A giant sequoia, one that you could drive through, was toppled this week by the potent winter storm that swept through California, but it was not a tree within a national park.
Kings Canyon National Park
For 90 years, an evergreen wreath has been laid at the base of a giant sequoia in Kings Canyon National Park to mark the holiday season and honor those who fought for the United States, and you can make the trek for the 91st event on December 11.
No one knows more about the history of wildland fire in the United States than Stephen Pyne, a prodigious scholar, prolific writer, and former wildland firefighter who spent 15 years on the ground with the North Rim Hotshots. His encyclopedic knowledge and personal experience of wildland fire are exceptional credentials for writing this book, which traces the history of wildfire in America over the past half century.
In Part 1 of this story, Tom Nichols presented a brief history of the National Park Service’s fire management program, with reference to an article by Kyle Dickman, Fighting Fire with Fire. Dickman stated that Sequoia and Kings Canyon National Parks’ wildland fire management program is: “America’s most progressive forest management program,” and then asked: “why isn’t it being replicated elsewhere?” Part 2 serves to answer Dickman’s question.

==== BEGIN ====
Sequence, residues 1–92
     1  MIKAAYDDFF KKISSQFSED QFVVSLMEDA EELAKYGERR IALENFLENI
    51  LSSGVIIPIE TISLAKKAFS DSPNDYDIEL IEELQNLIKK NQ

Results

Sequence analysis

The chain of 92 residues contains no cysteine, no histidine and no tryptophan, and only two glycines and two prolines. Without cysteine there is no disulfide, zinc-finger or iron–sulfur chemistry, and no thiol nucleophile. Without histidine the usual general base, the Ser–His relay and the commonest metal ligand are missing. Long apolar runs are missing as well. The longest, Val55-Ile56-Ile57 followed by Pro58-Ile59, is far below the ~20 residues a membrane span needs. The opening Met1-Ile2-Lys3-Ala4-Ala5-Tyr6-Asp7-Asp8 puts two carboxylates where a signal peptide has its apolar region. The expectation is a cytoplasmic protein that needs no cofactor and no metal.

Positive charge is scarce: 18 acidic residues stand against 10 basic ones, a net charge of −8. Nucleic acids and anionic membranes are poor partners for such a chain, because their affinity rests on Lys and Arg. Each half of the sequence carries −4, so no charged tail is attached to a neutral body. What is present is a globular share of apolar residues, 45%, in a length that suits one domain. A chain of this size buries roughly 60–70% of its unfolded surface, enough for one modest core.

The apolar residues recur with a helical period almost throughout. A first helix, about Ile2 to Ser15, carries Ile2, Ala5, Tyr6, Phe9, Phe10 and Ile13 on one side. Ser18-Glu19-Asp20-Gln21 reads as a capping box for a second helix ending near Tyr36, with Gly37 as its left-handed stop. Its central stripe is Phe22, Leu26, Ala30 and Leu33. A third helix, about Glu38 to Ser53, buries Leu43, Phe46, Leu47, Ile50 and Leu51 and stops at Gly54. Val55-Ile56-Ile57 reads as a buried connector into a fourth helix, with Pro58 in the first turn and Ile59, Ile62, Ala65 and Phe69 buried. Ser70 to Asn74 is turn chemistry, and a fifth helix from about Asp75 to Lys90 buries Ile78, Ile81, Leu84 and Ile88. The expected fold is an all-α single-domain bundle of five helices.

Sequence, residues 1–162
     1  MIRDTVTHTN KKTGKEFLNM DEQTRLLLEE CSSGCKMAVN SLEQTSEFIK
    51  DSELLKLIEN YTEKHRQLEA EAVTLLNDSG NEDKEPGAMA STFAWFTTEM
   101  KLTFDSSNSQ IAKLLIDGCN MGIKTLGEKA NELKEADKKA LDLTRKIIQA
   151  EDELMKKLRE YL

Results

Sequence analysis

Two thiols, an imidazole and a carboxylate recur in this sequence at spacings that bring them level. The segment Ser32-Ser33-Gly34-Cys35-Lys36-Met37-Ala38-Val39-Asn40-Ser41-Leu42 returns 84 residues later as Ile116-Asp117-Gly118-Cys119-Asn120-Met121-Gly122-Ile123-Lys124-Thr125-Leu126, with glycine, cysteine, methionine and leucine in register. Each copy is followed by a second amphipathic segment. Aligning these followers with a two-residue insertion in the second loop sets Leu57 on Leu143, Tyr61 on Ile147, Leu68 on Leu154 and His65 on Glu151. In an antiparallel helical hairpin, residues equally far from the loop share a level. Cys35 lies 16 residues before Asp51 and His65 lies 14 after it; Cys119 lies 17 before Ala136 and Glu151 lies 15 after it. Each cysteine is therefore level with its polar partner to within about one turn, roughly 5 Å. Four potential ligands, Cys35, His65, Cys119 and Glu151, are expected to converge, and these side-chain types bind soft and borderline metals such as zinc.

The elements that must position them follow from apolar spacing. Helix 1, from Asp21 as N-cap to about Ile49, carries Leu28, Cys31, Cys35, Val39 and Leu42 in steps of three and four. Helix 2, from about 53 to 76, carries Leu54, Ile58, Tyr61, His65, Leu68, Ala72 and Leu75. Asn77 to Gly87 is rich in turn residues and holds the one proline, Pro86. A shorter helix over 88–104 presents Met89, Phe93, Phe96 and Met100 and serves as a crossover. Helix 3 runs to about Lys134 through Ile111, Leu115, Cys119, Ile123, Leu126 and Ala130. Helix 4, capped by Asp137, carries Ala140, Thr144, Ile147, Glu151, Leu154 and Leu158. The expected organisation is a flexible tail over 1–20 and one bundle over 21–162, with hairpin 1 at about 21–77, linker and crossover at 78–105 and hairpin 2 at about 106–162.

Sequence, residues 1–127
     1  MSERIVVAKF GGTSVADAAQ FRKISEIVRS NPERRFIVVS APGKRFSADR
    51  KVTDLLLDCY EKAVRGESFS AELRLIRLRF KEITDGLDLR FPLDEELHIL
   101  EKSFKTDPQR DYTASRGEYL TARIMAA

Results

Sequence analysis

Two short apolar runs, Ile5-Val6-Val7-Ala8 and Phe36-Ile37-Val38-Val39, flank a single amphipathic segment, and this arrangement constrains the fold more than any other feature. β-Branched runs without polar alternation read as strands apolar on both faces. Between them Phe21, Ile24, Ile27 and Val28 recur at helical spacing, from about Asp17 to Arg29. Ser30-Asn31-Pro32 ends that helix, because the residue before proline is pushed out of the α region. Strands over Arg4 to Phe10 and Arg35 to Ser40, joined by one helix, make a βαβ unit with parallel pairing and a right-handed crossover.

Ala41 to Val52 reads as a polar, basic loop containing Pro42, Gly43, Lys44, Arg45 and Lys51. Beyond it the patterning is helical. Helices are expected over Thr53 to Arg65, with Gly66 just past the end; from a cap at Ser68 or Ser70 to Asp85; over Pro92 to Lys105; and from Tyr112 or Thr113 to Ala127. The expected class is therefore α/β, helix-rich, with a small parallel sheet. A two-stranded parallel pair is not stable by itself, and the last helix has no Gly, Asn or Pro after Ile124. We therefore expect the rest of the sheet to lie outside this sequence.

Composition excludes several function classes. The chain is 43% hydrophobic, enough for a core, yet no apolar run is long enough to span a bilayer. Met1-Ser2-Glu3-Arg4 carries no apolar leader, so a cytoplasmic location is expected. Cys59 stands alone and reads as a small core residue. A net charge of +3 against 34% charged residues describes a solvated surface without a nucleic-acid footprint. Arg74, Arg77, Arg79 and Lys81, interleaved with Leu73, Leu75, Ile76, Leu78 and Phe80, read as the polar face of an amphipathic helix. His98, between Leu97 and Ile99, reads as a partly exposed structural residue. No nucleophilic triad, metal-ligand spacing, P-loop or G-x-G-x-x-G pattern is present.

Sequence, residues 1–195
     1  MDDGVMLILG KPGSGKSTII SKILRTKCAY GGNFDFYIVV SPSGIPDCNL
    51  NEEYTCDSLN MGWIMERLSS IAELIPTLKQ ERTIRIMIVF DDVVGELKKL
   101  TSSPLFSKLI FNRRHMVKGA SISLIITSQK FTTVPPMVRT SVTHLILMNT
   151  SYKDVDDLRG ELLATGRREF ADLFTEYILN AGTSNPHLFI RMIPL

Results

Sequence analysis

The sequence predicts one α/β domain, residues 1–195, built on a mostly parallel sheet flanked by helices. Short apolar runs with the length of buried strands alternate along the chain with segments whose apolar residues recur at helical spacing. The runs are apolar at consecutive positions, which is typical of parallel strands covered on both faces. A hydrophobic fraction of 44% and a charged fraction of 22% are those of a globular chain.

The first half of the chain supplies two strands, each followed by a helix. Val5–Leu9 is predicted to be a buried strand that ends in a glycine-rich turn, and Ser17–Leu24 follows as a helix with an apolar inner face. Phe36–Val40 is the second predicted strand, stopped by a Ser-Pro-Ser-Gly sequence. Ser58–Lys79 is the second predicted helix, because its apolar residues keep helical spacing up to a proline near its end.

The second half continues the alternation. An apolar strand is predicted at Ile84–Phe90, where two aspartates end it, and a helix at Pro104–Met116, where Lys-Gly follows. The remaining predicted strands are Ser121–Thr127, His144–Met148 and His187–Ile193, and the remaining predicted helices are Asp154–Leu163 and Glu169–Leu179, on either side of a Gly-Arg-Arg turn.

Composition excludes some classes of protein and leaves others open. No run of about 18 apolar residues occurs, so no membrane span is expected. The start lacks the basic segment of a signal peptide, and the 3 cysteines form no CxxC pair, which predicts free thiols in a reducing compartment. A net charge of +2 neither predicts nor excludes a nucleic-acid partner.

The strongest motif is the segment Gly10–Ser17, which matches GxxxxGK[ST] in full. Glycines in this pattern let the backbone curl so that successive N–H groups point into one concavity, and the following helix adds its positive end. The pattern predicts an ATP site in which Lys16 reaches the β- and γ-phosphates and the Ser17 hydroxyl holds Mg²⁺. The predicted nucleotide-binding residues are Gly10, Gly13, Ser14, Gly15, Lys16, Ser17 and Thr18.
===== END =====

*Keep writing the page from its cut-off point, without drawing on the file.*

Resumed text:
A missing backpacker in Kings Canyon National Park, if still alive, will be on his own as a series of winter storms forecast for the region prompted authorities to put their search for him on hold.
A search was continuing Thursday for an experienced, 74-year-old backpacker who failed to return on schedule from a trek through Kings Canyon National Park in California.
To give endangered frogs and other native species a leg up, human-introduced trout will be eradicated – sometimes with a chemical – from dozens of high-elevation ponds, streams, and lakes in Sequoia and Kings Canyon national parks in California.
King Sequoia: The Tree That Inspired A Nation, Created Our National Park System, And Changed The Way We Think About Nature
One of my favorite spots in California, just a few miles away from the congestion of the Mariposa Grove in Yosemite National Park, is a little known forest glen: Nelder Grove. A century ago this was a logging site, formerly named Fresno Grove, where the towering Sequoias crashed to the ground, to be cut up for grape stakes and fence posts. Massive stumps dot the quiet, verdant hillside, and some giants yet still stand. I always asked myself why, and how, this grove fell, while others went untouched, and were protected.
National Park Service officials have been unobtain to produce complete records that helped them craft a Wilderness Stewardship Plan for Sequoia and Kings Canyon national parks, according to a lawsuit filed against the agency.
You can add Sequoia National Park in California and Theodore Roosevelt National Park in North Dakota to the slowly growing number of parks now selling entrance passes online.